During the Doha talks, a regional campaign was launched to support the Taliban.
During the presence of the US forces and its allies, the countries supporting the Taliban thought that they had brought the so-called rival to its knees and that the era of post-American Afghanistan had begun. With the final withdrawal of the American forces, the arms of Russia and Iran seemed to be more open to the Taliban delegations and they tried hard to whitewash the Taliban. A strange alignment was seen between America and regional countries in this regard. They also played a prominent role in mind management in Afghanistan to facilitate the return of the Taliban. The superpowers brought together Taliban opponents in Moscow and Tehran and lobbied in Afghanistan’s political circles in favor of the Taliban. In the days when the Taliban returned to power, humiliating scenes of the withdrawal of American forces and its Afghan and international allies were published, and the sound of cheers and joy was heard from regional countries. But this celebration was not sustainable. Now after a year and a few months, the outcry of the regional powers over the situation in Afghanistan has escalated and those who were celebrating are expressing concern about the presence of the US in the Afghan political arena.
Russia, which held the “Moscow Consultative Format” meeting last year with the presence of Taliban representatives, has announced this year that it will hold the meeting without them. Not only that, on the eve of the regional meeting where regional powers and Afghanistan’s neighbors are supposed to evaluate the country’s situation, clear anti-Taliban messages are being heard from Moscow. Nikolai Patrushev, Secretary of National Security Council of Russian Federation, said that the Taliban, Al-Qaeda and ISKP were created by America to advance its political goals in the region. After the withdrawal of the American forces, Russia tried not to name the Taliban alongside Al-Qaeda and ISKP and encouraged the Taliban to prevent the presence of “extremists” in Afghanistan!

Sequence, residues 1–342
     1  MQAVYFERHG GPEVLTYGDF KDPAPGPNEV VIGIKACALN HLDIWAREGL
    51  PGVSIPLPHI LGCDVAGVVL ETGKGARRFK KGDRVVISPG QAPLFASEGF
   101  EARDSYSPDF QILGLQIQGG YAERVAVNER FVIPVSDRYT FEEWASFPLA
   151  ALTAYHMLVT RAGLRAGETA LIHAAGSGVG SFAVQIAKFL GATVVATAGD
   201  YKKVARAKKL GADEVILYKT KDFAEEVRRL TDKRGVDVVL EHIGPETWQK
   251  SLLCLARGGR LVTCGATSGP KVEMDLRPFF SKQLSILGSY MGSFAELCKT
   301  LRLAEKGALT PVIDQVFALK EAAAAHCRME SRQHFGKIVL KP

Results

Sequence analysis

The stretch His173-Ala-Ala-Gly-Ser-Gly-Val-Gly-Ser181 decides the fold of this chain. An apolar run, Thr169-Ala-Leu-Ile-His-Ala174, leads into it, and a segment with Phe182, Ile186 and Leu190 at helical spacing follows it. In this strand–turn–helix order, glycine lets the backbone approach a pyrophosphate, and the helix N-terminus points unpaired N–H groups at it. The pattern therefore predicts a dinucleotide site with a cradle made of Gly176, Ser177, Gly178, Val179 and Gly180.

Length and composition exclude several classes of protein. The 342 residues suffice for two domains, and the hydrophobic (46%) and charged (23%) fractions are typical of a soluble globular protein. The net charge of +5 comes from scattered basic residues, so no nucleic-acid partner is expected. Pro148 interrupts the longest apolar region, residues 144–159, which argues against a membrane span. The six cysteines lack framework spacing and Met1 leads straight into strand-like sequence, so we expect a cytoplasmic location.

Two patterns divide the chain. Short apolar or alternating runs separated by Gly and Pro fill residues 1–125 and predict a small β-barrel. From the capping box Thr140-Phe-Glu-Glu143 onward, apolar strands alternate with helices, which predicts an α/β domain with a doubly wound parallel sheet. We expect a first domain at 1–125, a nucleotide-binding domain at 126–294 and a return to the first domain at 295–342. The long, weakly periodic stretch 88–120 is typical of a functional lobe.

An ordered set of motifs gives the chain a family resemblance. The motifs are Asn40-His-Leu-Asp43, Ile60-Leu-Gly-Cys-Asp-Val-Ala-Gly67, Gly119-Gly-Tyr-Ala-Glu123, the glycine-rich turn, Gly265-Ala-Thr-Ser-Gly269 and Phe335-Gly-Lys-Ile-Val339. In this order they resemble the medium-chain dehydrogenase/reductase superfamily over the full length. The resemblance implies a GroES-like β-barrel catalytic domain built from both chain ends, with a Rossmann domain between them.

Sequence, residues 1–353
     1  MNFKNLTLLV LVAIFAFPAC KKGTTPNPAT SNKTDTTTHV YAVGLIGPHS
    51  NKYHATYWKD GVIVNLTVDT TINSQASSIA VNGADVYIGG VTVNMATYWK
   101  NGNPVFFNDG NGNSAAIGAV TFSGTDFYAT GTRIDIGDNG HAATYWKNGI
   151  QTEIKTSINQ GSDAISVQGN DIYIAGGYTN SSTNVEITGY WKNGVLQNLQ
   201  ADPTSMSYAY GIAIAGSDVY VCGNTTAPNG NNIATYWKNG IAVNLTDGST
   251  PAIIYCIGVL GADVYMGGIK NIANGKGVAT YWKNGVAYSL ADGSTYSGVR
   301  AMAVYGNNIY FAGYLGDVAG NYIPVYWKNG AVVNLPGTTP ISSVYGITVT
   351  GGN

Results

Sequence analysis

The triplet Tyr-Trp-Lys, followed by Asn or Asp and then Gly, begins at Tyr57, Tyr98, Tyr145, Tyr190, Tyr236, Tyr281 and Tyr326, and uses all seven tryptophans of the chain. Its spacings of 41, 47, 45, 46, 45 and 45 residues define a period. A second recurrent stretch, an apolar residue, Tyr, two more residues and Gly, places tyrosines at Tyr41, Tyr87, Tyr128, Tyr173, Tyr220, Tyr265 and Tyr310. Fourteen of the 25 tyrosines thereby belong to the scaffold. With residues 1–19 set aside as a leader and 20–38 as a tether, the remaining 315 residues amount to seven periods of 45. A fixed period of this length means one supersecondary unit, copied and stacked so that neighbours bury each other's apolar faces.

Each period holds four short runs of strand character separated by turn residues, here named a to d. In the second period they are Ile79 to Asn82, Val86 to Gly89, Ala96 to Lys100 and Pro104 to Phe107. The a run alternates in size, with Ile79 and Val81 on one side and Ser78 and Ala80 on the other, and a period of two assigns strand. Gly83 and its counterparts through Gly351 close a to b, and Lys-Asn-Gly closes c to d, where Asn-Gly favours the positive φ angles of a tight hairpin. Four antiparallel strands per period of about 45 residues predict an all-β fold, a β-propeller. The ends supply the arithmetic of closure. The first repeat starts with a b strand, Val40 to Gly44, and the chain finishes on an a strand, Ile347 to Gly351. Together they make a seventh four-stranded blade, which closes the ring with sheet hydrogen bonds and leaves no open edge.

Moscow has come a long way to the point where it takes such a public stand against the Taliban. In the years when the Taliban war was at its peak, the financial and military support of the Russians to that group was brought up many times in the media. At the beginning of the Taliban takeover of Afghanistan, there was a lot of encouragement in Moscow to cooperate with the Taliban. But neither Moscow, nor China, nor Iran has the necessary tools to support and control the Taliban. The United States has been able to maintain its monopoly on Afghan politics by freezing Afghanistan’s foreign exchange reserves, continuing financial aid, including sending $40 million in cash, controlling Afghanistan’s airspace and patrolling with drones, and playing the Doha Agreement card. America’s control over international institutions and the influence it has on the Taliban’s opposition has also narrowed the circle on its opponents in Afghanistan’s politics. Weapons, ammunition and machinery left in Afghanistan, worth billions of dollars, have also become a critical issue for the Taliban. In such a way that if they throw it away, they will be disarmed, and if they keep it, they will need the advice, contact and funding of America and its allies.
Any anti-American move by the Taliban will have heavy consequences and will cost the lives, property and assets of its leaders. People like Sirajuddin Haqqani cannot live openly in Kabul without being assured of America’s pity.
The Taliban has benefited from the support and money of various countries, including Russia, and now it cannot survive without foreign support. Any country that pays more money, can apply more pressure, and has more tangible tools to turn the page of Afghanistan’s politics, will hold the Taliban in its grip and, when necessary, will incite the group against its opponents. Which country other than America is in such a position? Russia’s fear is justified.